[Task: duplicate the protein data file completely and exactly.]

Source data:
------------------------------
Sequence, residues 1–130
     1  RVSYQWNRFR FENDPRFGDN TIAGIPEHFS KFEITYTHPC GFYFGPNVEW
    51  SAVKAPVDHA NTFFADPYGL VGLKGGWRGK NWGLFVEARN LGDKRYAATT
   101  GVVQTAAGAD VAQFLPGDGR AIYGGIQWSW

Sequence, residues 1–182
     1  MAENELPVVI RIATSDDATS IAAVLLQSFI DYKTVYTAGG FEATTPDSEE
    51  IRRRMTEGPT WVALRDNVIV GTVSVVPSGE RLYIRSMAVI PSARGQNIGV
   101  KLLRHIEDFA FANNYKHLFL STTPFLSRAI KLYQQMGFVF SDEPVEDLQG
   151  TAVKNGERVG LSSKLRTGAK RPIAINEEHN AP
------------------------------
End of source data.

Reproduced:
Sequence, residues 1–130
     1  RVSYQWNRFR FENDPRFGDN TIAGIPEHFS KFEITYTHPC GFYFGPNVEW
    51  SAVKAPVDHA NTFFADPYGL VGLKGGWRGK NWGLFVEARN LGDKRYAATT
   101  GVVQTAAGAD VAQFLPGDGR AIYGGIQWSW

Sequence, residues 1–182
     1  MAENELPVVI RIATSDDATS IAAVLLQSFI DYKTVYTAGG FEATTPDSEE
    51  IRRRMTEGPT WVALRDNVIV GTVSVVPSGE RLYIRSMAVI PSARGQNIGV
   101  KLLRHIEDFA FANNYKHLFL STTPFLSRAI KLYQQMGFVF SDEPVEDLQG
   151  TAVKNGERVG LSSKLRTGAK RPIAINEEHN AP